TIA is a medical emergency - anyone suffering a suspected TIA should see a doctor immediately.
If your symptoms resolve within 24 hours of onset, this is called a TIA. If you experience a TIA, there is a high risk of suffering a stroke in the following month. TIA clinics exist to assess you quickly, establish if there are any conditions that may put you at high risk of stroke (such as atrial fibrillation or carotid stenosis) and commence treatment. TIA clinics occur in the Admission Avoidance Unit (AAU), Monday to Friday. If you present to the emergency department with a TIA between 8am and 8pm, a member of stroke team should assess you in ED in place of a TIA clinic appointment. Local Hospitals across the South West Peninsula have their own TIA clinics. .
The TIA clinic is organised by the AAU coordinator (Emma Hopkins), who will contact you to book your clinic appointment. Referrals are either made by your GP or by an assessing Doctor in ED if you present overnight. You will attend the clinic for a day and have all the necessary investigations for the doctor to make a full diagnosis.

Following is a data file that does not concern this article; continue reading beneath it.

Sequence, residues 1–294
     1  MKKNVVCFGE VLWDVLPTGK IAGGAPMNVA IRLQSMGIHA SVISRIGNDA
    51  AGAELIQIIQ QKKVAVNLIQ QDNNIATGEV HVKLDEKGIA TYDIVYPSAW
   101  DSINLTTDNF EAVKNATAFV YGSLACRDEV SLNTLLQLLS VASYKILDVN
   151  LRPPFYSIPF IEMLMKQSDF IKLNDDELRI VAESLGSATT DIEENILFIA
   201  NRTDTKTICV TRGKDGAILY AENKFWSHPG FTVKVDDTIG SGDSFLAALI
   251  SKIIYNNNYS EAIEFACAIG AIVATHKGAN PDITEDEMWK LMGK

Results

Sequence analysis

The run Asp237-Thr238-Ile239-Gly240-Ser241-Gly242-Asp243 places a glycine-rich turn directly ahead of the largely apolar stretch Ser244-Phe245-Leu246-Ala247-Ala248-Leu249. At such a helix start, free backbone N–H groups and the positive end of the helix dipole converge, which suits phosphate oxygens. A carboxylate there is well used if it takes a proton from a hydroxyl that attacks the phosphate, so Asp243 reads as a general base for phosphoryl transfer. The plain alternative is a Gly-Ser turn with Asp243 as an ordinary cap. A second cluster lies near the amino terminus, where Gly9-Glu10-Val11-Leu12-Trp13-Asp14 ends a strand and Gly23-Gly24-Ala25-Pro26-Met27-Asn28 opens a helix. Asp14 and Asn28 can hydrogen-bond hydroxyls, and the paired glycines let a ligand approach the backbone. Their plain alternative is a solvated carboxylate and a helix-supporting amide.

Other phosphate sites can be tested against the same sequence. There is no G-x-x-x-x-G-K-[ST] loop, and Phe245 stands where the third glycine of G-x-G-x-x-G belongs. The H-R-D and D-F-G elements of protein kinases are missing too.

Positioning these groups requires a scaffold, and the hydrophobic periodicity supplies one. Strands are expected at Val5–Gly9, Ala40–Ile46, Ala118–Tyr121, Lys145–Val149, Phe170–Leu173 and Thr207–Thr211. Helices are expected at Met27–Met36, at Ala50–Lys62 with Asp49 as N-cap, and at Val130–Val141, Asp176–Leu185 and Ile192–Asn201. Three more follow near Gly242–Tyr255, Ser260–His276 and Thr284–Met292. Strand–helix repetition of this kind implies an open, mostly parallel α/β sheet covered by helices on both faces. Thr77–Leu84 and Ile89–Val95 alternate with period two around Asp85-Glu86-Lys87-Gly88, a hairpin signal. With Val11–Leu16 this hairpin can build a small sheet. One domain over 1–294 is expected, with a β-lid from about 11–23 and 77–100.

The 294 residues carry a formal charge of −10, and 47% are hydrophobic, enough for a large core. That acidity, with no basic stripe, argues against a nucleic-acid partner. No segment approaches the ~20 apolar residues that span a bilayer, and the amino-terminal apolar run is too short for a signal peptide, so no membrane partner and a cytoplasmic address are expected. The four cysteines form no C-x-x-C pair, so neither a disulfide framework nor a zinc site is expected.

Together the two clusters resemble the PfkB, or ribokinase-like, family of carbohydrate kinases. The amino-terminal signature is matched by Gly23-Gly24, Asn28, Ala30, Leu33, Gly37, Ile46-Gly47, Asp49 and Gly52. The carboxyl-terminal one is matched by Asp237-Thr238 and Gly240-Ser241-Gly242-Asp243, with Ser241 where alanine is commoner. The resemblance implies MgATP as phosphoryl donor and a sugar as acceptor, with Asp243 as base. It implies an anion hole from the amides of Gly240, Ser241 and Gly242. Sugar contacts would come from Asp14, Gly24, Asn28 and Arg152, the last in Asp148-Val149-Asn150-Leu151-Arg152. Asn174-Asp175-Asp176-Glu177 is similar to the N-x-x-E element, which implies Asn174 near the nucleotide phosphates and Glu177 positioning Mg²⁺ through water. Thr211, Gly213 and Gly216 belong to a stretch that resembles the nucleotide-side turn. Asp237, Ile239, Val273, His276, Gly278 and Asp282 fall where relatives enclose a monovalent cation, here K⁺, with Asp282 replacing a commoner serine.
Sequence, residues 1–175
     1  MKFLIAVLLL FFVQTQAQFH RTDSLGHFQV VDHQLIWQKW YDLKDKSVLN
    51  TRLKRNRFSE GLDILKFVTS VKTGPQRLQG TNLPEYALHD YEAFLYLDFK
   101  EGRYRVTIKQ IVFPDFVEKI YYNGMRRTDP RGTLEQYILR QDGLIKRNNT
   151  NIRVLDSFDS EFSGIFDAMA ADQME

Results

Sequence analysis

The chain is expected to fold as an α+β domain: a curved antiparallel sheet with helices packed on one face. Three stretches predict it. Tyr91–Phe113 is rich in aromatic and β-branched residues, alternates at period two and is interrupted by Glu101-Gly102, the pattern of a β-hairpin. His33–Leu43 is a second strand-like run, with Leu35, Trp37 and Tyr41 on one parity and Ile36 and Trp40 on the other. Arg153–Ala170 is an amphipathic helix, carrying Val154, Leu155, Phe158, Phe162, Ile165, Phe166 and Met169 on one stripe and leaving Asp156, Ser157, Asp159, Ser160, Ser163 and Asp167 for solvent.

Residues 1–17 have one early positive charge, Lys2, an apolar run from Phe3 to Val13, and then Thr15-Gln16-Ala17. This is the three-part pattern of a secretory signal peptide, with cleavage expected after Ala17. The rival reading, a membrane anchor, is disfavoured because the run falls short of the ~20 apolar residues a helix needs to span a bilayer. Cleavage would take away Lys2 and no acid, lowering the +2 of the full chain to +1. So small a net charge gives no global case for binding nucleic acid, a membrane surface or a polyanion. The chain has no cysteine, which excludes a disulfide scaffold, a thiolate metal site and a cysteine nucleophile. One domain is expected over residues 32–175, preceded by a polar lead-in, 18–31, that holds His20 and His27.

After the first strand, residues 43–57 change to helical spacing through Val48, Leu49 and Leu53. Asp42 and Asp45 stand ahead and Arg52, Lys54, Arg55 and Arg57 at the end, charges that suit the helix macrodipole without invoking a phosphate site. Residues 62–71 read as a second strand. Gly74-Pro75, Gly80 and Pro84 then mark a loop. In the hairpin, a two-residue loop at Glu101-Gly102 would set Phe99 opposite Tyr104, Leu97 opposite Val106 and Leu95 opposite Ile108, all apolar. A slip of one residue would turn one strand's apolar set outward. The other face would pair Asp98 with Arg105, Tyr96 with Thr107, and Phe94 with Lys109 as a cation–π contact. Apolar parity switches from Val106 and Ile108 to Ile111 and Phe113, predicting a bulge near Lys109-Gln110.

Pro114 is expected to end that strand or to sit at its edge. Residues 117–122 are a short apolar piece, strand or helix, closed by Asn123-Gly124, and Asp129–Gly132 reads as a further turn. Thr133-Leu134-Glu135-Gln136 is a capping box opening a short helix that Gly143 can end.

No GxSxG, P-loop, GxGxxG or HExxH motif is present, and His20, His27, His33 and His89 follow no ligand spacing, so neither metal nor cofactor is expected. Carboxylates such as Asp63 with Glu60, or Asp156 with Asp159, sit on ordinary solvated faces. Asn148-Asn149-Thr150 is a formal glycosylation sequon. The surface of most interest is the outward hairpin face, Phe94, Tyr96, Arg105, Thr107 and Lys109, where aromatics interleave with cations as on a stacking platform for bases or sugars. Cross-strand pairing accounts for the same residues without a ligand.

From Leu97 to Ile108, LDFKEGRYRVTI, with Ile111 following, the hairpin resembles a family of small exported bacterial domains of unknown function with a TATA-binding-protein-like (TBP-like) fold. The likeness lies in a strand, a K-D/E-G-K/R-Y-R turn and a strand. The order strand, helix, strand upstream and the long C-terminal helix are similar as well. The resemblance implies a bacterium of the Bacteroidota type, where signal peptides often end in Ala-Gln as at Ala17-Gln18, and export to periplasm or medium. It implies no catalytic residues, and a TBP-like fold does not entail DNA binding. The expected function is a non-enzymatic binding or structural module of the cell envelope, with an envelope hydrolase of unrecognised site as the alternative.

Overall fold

Investigations usually include:
- Blood pressure testing
- Blood tests for cholesterol and diabetes
- ECG test
- Carotid doppler studies
- You may need a CT scan or MRI scan
We aim to have these tests completed on the day of admission, so this can take some time. We should be able to give you the results of scans before you go and commence appropriate treatment. We will write to your GP with a summary. Do not drive to this clinic appointment as there is a one month driving restriction after a TIA. We can only accommodate a set number of patients every day and we appreciate your flexibility in accepting the available appointment time given to you by the co-ordinator. Usual treatment is medication to control your blood pressure, your cholesterol and to stop blood clots from forming.